• The interest of local and international communities in microfinancing to provide an opportunity for the interested investors to finance the economic activities of the poor, and
  • Utilization of Small and Medium Enterprises Equity Investment Scheme (SMEEIS). Due to lack of framework and confidence in the institutions, ten percent of the fund intended for micro credit remained unutilized (CBN, 2005).
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The objectives set by the CBN included creating access to financial services for a large part of the population which earlier had not been served by any banks, with the intentions of making use of their potential productivity. The targets of the policy included to cover the majority of the economically active poor by 2020, and by that decrease unemployment and reduce poverty. The microcredit in relation to total credit was set to increase from 0.9 percent in 2005 to 20 percent in 2020 and the microcredit to GDP ratio from 0.2 percent in 2005 to five percent in 2020 (CBN, 2005). In 2007, the microfinance institutions were licensed to start operations in Nigeria. Existing microfinance institutions and community banks could receive the license for microfinance institutions if they met the CBN’s condition of increasing their capital base to N20 million (equivalent of $63,448) by the end of 2007 (Acha, 2012).
Individuals, groups of individuals, private corporate entities, community development associations, or foreign investors can all establish microfinance institutions (CBN, 2005). There are currently 1017 licensed microfinance institutions operating in the 37 states of Nigeria. Figure 1 shows the distribution of microfinance institutions by state. The number of microfinance institutions vary from one in the state with the fewest – Yobe, to 191 in the state with the highest – Lagos. To put this in relation to population, 2.6 percent of the population lives in Yobe, where 0.1 percent of the microfinance institutions are located, while 4.6 percent lives in Lagos, where 18.8 percent of the microfinance institutions are located. In Kano, which is the state with the highest population rate, 8.9 percent, 3.4 percent of the microfinance institutions are located (CBN, 2016). Thus, the figure shows a high dispersion in access to microfinance institutions. This thesis intends to analyse if the distribution has a relationship with poverty.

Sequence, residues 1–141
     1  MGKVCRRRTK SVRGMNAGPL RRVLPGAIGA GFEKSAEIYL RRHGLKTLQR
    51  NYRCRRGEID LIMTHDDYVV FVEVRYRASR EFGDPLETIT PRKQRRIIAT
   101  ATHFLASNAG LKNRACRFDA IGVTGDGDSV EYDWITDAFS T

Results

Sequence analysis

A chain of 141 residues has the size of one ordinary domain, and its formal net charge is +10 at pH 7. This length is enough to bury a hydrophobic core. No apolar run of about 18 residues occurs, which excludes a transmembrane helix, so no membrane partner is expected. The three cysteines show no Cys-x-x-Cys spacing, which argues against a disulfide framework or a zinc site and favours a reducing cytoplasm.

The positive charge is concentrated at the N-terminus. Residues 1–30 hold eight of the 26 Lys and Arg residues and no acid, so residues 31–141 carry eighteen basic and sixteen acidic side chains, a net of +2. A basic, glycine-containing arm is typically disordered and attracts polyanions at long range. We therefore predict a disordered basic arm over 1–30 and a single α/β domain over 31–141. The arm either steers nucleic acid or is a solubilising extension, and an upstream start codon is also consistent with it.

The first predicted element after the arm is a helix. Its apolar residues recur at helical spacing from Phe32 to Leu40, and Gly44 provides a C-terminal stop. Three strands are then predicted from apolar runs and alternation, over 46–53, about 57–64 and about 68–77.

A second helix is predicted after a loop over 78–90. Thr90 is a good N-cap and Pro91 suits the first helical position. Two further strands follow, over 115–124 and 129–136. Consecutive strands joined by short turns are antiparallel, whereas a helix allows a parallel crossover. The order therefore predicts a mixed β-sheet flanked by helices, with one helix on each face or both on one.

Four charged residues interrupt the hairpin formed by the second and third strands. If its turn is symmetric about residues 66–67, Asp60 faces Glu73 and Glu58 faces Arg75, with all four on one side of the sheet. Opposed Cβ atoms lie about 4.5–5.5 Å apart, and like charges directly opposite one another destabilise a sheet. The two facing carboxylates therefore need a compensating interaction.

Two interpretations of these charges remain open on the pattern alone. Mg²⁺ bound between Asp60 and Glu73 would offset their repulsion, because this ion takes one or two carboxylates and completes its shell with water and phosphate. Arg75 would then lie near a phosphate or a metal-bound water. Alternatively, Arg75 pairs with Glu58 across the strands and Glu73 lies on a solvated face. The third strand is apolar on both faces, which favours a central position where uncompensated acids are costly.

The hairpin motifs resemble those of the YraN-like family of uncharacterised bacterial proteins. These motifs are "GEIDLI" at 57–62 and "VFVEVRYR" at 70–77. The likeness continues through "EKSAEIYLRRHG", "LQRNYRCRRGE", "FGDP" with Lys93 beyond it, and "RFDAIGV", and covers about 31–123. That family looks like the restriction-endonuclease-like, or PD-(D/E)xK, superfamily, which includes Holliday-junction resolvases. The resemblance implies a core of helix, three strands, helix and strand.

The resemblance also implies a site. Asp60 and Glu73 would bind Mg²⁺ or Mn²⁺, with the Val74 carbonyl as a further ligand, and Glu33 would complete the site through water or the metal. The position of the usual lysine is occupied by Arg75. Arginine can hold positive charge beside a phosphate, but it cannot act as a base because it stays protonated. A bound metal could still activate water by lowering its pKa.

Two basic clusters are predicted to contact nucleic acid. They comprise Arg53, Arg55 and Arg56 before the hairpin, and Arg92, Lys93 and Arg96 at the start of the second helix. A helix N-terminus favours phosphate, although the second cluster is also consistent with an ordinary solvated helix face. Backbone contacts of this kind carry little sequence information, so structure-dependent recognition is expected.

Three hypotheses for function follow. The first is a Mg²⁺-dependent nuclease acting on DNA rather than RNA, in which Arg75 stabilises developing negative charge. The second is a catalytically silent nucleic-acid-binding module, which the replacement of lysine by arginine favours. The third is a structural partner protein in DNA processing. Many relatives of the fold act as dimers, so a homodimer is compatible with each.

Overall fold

Microfinance and Poverty Reduction
2

The importance of financial development

Studies have shown that financial development increases average growth in a country (Levine 1997; Levine 2005), but what impact does it have on the poor? Beck et. al (2007) examined the impact of financial development on poverty. They found that financial development helps the poorest, as it disproportionately increases the income of the poor, that is, the income of the poor grows faster than average GDP per capita and thereby reduces income equality. Beck et. al (2007) also found a relationship between financial development and a decrease in the part of the population living on less than $1 per day.
Financial development reduces poverty indirect through economic growth. It can generate more jobs and thereby decrease the unemployment rate which is positively correlated with poverty (Zhuang et al., 2009). In the early stages of financial development, evidence show an increase in wage difference between skilled and unskilled workers. In a later stage of financial development however, the wage difference decreases and hence, has a positive impact on poverty reduction (Galor & Tsiddon, 1996). Financial development also reduces poverty directly through the use of financial services. Access to savings, credit, and insurance services promotes poverty reduction as it increases overall income and reduces income equality through for example investments in business expansions and protection against risks such as natural disasters. The use of financial services also smooths consumption over time preventing undernourishment in the face of shocks, and reduces general undernourishment through investments in productivity enhancing equipment (Claessens & Feijen, 2007).